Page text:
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Review of the Environmental Protection Agency’s Draft Iris Assessment of Formaldehyde
formaldehyde exposure and the three kinds of cancer, EPA’s decision to calculate unit risk values for them appears to be defensible on the basis of the agency’s cancer guidelines. However, EPA should provide a clear description of the criteria that it used to select the specific cancers and demonstrate a systematic application of the criteria. The calculation of the unit risk values is a complex process, involves many sources of uncertainty and variability, and is influenced by the low-dose extrapolation used (for example, linear vs threshold). The committee therefore recommends that EPA conduct an independent analysis of the dose-response models to confirm the degree to which the models fit the data appropriately. EPA is encouraged to consider the use of alternative extrapolation models for the analysis of the cancer data; this is especially important given the use of a single study, the inconsistencies in the exposure measures, and the uncertainties associated with the selected cancers.
THE FORMALDEHYDE IRIS ASSESSMENT: THE PATH FORWARD
The committee recognizes that the completion of the formaldehyde IRIS assessment is awaited by diverse stakeholders, and it has tried to be judicious in its recommendations of specific changes noted in its report. However, the committee concludes that the following general recommendations are critical to address in the revision of the draft assessment. First, rigorous editing is needed to reduce the volume of the text substantially and address the redundancies and inconsistencies; reducing the text could greatly enhance the clarity of the document. Second, Chapter 1 of the draft assessment needs to discuss more fully the methods of the assessment. The committee is recommending not the addition of long descriptions of EPA guidelines but rather clear concise statements of criteria used to exclude, include, and advance studies for derivation of the RfCs and unit risk estimates. Third, standardized evidence tables that provide the methods and results of each study are needed for all health outcomes; if appropriate tables were used, long descriptions of the studies could be moved to an appendix or deleted. Fourth, all critical studies need to be thoroughly evaluated for strengths and weaknesses by using uniform approaches; the findings of these evaluations could be summarized in tables to ensure transparency. Fifth, the rationales for selection of studies that are used to calculate RfCs and unit risks need to be articulated clearly. Sixth, the weight-of-evidence descriptions need to indicate the various determinants of “weight.” The reader needs to be able to understand what elements (such as consistency) were emphasized in synthesizing the evidence.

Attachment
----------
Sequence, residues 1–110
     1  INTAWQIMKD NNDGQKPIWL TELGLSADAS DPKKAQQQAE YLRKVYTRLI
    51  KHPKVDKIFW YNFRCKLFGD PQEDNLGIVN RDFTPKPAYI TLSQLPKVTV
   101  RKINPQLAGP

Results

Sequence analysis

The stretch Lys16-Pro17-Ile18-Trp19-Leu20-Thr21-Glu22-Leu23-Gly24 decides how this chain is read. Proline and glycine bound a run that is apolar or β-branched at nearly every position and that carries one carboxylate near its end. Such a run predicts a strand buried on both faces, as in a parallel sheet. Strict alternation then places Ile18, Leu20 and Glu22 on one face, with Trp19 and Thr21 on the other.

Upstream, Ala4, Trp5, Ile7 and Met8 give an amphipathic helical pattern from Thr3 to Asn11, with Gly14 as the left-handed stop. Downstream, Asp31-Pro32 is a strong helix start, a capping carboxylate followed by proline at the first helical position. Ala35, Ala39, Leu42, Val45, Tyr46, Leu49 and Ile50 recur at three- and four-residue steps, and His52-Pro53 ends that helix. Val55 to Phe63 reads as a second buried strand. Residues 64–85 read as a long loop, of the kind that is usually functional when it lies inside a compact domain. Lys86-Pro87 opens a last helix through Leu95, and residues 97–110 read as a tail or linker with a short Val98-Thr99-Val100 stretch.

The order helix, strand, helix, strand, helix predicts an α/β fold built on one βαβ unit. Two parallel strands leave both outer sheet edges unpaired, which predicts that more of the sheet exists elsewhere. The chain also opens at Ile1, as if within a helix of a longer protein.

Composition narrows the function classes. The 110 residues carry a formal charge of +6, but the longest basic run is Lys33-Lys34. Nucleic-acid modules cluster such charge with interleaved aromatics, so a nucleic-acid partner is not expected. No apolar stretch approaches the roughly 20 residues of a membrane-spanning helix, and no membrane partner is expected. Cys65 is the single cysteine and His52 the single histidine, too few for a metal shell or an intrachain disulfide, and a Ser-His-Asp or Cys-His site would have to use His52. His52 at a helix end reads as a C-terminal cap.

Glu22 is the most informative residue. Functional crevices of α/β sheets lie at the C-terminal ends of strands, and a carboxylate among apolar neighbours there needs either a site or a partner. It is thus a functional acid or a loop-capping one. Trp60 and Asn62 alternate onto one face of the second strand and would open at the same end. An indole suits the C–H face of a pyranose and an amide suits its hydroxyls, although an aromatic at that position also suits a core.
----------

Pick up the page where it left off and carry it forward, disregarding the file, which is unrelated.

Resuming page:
The committee is concerned about the persistence of problems encountered with IRIS assessments over the years, especially given the multiple groups that have highlighted them, and encourages EPA to address the problems with development of the draft assessments that have been identified. The committee recognizes that revision of the approach will involve an extensive effort by EPA staff and others, and it is not recommending that EPA delay the revision of the